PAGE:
Miami Vice


There’s plenty of heartwarming to be had with John Lee Hancock‘s Saving Mr. Banks. Tom Hanks‘s smile alone tugs at the heart strings, but underneath the picture’s cuddly side there’s a darkness to be found in the flashbacks to P.L. Travers’ (Emma Thomspon) childhood. Playing her father, Travers Goff, is Colin Farrell. Goff is an alcoholic who often hides his pain through storytelling. The parallel for Travers is obvious, but it’s also true in the case of Walt Disney, at least when it comes to the film’s take on Disney. The young Travers informs the older Travers, and the same goes for Goff. It’s a performance we haven’t seen from Farrell before, but ever since Tigerland – Joel Schumacher’s best movie — you could say that for most of his roles. He’s not an actor who repeats himself often or falls back on certain crutches, and that’s likely because, as he tells us, he tries to find roles that push him as an actor. Saving Mr. Banks certainly does just that. Here’s what Colin Farrell had to say about his wonderful time on the film, wanting his experience dictated to him, and, of course, Miami Vice:


Heat Movie Michael Mann

I’ve been taking my family on a tour of Michael Mann’s filmography recently, and every minute has been fantastic. Mann has a great eye for cinematography, writes and/or directs characters who are refreshingly competent and layered, and has a way of getting great mileage out of a topic he enjoys (crime and those who commit and prevent it) by changing the level of its presentation. He has done pieces both epic (Heat) and intimate (Collateral). He has ventured into the past, where his favorite subject varies in presence from “extant, but not important compared to other events” (The Last of the Mohicans) to “the point of the entire film” (Public Enemies). He brought Hannibal Lector to the screen for the first time as Hannibal Lecktor in Manhunter, which I must admit remains my primary source exposure to everyone’s favorite cannibal. All of these traits make Mann a director whose work should be followed, but what absolutely drives me wild about him is his use of music in his pictures’ key scenes. Mann’s soundtracks are usually a mix of contemporary rock, house music, a slow and/or seductive piece for particularly romantic moments and several compositions written specifically for the film by his composer. At least once in every one of his films that I have had a chance to see, Mann takes a piece from his soundtrack and sets it to a climactic or character defining scene and the resulting moment never fails to astound. Dialogue is usually sparse to nonexistent […]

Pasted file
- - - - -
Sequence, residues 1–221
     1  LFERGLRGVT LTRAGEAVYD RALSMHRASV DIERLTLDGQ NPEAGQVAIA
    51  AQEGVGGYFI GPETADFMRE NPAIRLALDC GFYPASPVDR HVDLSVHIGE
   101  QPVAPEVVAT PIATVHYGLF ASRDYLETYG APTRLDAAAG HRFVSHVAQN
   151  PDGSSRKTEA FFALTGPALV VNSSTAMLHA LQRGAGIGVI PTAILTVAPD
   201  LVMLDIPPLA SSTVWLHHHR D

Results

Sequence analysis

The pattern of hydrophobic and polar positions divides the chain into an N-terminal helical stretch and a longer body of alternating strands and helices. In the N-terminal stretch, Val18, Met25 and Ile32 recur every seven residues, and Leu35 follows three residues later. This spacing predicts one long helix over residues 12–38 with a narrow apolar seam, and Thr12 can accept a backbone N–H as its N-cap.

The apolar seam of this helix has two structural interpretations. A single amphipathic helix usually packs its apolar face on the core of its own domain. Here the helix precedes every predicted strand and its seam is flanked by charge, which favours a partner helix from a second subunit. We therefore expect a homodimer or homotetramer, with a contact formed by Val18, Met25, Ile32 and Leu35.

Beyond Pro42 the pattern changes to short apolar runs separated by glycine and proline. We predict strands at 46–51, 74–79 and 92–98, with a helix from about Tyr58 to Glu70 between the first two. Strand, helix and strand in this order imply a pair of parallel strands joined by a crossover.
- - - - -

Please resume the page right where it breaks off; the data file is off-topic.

This week’s Culture Warrior looks at Hollywood’s gradual acceptance of digital video and the important role of Michael Mann and Public Enemies within this major change in the industry.

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